One day, she turned round very confidentially and said, “You’re a spy really, aren’t you?”
Anyway, after I shagged her.
I nearly fell over laughing, then told her that the truth is far more prosaic. But it does show how easy it is to spin a line... and how people who are wanting to believe will.
I‘m still not sure she believed my denial. I mean, I would say that, wouldn’t I?
Worst one I met was REME, RM, SAS.
I was in Hereford.Worst one I met was REME, RM, SAS.
He invented a super secret underwater boat, is the only man alive who knows how to weld ships chains, was chief engineer on a RN ship that was later sold to a Saudi prince ( who insisted he be flown out to fix it - and when he got there his old tool box was still there as nobody knew how to use the tools inside)
Was the only man the SAS would work with when filming anything, taught major film stars how to act special forces and invented the Mr Bean defibrillator scene (took a month of filming)
His blades are so good (oh he's a blacksmith too) that auction houses have sold his work as antiques and they often consult him....
And he didn't tell his son he'd been SAS until he himself had a sandy beret - but told me all this bollocks (and much more) at the overlord show.
Depending on the age of the person I was a Clerk-tech, Tech-Storeman, or Stores-accountant. So that was 3 designations in a probable 20 year spread. I remember STGs being called spec ops by everyone.We've been through this in eye watering, dull as ditchwater detail on another thread.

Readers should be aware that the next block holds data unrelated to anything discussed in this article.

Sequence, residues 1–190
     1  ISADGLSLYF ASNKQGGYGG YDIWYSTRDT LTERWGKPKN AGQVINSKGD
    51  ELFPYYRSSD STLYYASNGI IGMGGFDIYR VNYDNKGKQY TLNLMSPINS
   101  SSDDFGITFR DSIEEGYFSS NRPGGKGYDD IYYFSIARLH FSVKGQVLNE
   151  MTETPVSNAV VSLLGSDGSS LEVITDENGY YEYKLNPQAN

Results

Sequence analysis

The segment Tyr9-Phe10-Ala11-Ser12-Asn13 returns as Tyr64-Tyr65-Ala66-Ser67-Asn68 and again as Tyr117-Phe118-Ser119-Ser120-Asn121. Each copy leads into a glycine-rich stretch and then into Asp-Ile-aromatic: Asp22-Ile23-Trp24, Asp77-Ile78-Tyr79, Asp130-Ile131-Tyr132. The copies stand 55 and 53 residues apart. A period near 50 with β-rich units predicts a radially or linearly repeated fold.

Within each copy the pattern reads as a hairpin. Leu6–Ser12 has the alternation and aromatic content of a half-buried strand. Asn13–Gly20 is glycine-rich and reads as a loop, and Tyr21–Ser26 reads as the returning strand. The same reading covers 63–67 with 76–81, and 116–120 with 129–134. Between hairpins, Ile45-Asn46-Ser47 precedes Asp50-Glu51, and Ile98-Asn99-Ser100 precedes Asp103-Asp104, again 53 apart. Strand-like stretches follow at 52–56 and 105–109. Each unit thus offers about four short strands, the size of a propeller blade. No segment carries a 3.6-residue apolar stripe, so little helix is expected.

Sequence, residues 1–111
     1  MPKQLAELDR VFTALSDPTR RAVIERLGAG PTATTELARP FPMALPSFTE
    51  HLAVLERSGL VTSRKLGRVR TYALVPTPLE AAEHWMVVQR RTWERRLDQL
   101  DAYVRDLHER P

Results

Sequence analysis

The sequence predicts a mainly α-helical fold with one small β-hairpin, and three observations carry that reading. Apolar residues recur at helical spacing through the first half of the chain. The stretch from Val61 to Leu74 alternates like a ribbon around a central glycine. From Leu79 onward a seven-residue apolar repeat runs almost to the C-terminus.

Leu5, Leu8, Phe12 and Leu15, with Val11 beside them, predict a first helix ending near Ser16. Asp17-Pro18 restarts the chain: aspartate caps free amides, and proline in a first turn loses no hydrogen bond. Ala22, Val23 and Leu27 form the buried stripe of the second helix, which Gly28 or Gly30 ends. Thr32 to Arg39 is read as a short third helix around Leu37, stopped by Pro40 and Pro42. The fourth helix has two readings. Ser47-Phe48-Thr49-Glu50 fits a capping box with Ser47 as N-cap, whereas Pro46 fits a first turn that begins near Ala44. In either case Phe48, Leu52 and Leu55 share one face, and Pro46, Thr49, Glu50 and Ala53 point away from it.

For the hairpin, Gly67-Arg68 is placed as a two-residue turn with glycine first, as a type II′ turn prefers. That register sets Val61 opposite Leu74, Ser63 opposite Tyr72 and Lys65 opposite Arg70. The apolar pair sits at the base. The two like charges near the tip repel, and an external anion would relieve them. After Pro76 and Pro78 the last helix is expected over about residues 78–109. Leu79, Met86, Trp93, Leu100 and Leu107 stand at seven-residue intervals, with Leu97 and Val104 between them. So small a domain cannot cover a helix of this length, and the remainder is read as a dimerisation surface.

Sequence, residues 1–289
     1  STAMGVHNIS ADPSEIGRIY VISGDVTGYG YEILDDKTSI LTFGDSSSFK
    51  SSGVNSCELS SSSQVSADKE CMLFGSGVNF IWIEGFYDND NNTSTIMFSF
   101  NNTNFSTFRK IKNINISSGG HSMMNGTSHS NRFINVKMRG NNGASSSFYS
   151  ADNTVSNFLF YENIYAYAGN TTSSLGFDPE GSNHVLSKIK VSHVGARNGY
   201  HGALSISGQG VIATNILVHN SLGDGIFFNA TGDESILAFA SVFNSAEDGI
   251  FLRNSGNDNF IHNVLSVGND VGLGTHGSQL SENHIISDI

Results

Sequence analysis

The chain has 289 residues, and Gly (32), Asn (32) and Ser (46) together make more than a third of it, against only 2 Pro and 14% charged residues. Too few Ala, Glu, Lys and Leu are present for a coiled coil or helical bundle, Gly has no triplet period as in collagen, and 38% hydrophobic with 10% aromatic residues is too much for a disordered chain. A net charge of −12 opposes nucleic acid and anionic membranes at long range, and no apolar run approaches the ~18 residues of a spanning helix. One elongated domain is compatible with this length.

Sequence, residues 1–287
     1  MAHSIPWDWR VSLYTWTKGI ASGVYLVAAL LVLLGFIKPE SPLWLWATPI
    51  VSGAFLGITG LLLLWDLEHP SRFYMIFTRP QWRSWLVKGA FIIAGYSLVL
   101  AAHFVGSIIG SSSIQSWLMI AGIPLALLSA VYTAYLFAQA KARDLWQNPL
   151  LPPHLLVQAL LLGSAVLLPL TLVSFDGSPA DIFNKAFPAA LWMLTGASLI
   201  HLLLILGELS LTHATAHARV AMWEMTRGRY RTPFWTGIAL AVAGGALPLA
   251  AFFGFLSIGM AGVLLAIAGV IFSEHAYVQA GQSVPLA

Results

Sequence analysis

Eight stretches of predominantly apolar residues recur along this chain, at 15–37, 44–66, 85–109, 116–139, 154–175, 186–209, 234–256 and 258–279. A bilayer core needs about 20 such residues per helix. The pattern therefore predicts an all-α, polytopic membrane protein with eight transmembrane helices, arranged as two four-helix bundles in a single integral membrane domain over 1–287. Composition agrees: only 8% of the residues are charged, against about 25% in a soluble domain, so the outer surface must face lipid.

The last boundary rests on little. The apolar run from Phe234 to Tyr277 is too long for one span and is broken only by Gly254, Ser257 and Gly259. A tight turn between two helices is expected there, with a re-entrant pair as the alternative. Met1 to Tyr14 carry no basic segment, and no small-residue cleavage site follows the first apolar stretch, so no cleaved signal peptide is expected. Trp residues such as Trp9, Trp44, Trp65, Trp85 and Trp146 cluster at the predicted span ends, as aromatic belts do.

RSIGNALS in their wisdom renamed a bunch of trades, and at least verbally -not always even on official paperwork - hardly anyone took a blind bit of notice.
Good OPSEC and PERSECAbout thirty years ago I met a guy who had served as an officer in 6th battalion Rhodesia Regiment during the bush war. I thought he was unusual as most Rhodesians served in the Selous Scouts or Rhodesian SAS, or both. The same as every South African of that era all served in the Recce Regiments.
The Rhodesia Regiment consisted of Territorials who had completed National Service and by 1978 had to complete 6 weeks call-up followed by six weeks back in civie street and then another six weeks back in the army. They were very much the unsung heroes of the Rhodesian bush war,
I have always been interested in the Rhodesian bush war and I had read Ron Read-Dalys book on the Selous Scouts, and 'The Elite' by Barbara Cole - A history of the Rhodesian SAS.
He related his tales of the bush war and I mentioned that I had read the above books.
He mentioned that he knew Lt Col Garth Barrett the CO of 1 Rhodesian SAS Regiment from 1978 - 80.
I said "Ah yes I read about him in Barbara Cole's book"
Rhodie "Were you in the bush war"
Me " No I have only read about it"
Rhodie " Are you sure you didn't serve in the Rhodesian army, you know a lot about it.
Me "No, honestly I haven't been further south than the Isle of Wight (actually a fib as I spent a week in Ascencion Island in 1982) I have just read about it.
"Hmmm" he said giving me a funny look which indicated that He didn't quite believe me.
I mean, what does this make me ? A reverse walt? A failed walt.